An idea of the task of the cluster/hitfinder is given by looking at the typical number of tracks contributing to a clustr pattern. The slow simulator associates with every occupied pixel the Monte Carlo track ID of one of the tracks that contributed to that pixel. This information is stored in the TPMCPIX table. Then, by counting the number of different track ID's associated with pixels in a cluster pattern, one gets an idea of how many hits a perfect hitfinder may find in the cluster pattern. A distribution of this quantity for clusters found in the inner sector (row# 13) and outer sector (row# 13) is shown in Figure 15. It is seen that single-hit clusters are the most common, but that there is a good deal of overlap as well, especially in the inner rows.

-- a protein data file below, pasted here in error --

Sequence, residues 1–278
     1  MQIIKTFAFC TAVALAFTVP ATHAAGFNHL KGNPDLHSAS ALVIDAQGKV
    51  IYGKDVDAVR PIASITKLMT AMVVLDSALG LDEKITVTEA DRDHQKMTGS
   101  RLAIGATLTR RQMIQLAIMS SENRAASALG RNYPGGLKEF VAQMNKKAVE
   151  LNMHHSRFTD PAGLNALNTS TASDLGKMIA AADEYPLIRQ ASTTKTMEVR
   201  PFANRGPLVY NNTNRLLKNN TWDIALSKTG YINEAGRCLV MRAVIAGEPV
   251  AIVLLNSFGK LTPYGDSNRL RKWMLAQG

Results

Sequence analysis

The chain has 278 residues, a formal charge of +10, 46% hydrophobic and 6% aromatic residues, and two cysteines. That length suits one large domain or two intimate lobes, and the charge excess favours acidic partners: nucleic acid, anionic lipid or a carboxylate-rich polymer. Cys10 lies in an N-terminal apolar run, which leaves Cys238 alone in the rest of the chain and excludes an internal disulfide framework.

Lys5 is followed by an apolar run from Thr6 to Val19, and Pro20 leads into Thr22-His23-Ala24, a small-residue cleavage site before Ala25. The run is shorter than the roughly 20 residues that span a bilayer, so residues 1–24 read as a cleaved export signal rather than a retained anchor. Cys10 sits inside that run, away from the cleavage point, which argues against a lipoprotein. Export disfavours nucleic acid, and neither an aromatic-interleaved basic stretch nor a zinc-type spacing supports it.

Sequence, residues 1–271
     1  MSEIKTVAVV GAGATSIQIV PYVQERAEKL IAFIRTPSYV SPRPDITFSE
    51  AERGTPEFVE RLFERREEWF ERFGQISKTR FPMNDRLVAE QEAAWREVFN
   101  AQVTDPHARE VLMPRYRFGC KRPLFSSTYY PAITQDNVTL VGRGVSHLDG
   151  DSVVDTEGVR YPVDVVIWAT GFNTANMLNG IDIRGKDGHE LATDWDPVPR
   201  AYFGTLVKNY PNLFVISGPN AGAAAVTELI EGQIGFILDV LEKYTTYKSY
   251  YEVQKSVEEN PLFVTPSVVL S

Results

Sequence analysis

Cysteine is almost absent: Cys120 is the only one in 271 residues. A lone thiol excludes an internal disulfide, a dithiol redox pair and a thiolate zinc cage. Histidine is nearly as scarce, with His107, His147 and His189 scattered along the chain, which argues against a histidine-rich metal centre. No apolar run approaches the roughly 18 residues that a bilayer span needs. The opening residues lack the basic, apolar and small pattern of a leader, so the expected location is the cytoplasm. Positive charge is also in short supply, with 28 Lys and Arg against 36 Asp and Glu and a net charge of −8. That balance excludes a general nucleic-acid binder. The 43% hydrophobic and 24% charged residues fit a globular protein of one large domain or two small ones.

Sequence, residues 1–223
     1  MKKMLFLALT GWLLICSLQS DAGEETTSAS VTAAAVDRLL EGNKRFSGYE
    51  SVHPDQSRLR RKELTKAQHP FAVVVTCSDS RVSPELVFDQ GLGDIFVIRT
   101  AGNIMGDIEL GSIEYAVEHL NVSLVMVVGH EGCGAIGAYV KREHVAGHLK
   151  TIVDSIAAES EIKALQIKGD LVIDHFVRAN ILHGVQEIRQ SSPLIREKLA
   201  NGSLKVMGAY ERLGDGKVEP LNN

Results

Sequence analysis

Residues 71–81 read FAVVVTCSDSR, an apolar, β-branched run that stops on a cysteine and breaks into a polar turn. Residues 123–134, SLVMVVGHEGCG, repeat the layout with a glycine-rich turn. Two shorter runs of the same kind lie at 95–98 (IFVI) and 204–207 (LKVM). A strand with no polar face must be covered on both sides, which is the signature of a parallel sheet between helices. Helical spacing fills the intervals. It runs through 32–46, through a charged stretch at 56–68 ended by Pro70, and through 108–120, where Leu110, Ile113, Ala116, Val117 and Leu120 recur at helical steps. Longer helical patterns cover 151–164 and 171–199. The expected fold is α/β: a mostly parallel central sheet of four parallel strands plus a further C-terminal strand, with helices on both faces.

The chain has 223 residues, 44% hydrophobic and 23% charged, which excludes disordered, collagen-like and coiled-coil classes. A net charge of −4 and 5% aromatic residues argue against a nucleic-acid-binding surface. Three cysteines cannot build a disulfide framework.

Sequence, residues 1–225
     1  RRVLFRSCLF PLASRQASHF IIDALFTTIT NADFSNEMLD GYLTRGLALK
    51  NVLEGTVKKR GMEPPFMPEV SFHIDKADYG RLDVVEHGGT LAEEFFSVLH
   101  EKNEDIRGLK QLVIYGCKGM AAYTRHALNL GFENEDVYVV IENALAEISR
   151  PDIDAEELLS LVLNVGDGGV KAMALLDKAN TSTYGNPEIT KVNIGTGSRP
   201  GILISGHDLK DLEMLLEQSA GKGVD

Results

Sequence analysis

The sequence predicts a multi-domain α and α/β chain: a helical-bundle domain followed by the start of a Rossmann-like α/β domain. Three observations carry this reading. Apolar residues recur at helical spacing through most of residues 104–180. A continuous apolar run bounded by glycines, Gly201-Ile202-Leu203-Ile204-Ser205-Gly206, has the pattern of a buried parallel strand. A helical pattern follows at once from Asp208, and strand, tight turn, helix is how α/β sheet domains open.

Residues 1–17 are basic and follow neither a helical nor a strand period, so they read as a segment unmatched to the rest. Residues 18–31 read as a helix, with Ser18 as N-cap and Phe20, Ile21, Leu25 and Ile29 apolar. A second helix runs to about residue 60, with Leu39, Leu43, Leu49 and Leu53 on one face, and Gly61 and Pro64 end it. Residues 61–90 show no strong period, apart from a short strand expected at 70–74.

Figure 15: Distributions of the number of different Monte Carlo track ID's associated with pixels of clusters found on the inner and outer sectors from a simulated Au-Au event.
Evaluation of resolution and hitfinding efficiency is based on comparisons of reconstructed hits on a padrow with Monte Carlo padrow crossings. In reality, the current simulation chain gives several (5-9) Monte Carlo ``hits'' for each track crossing a padrow. In our evaluations that follow, we use the Monte Carlo hit that is closest to the center of the padrow as the padrow crossing.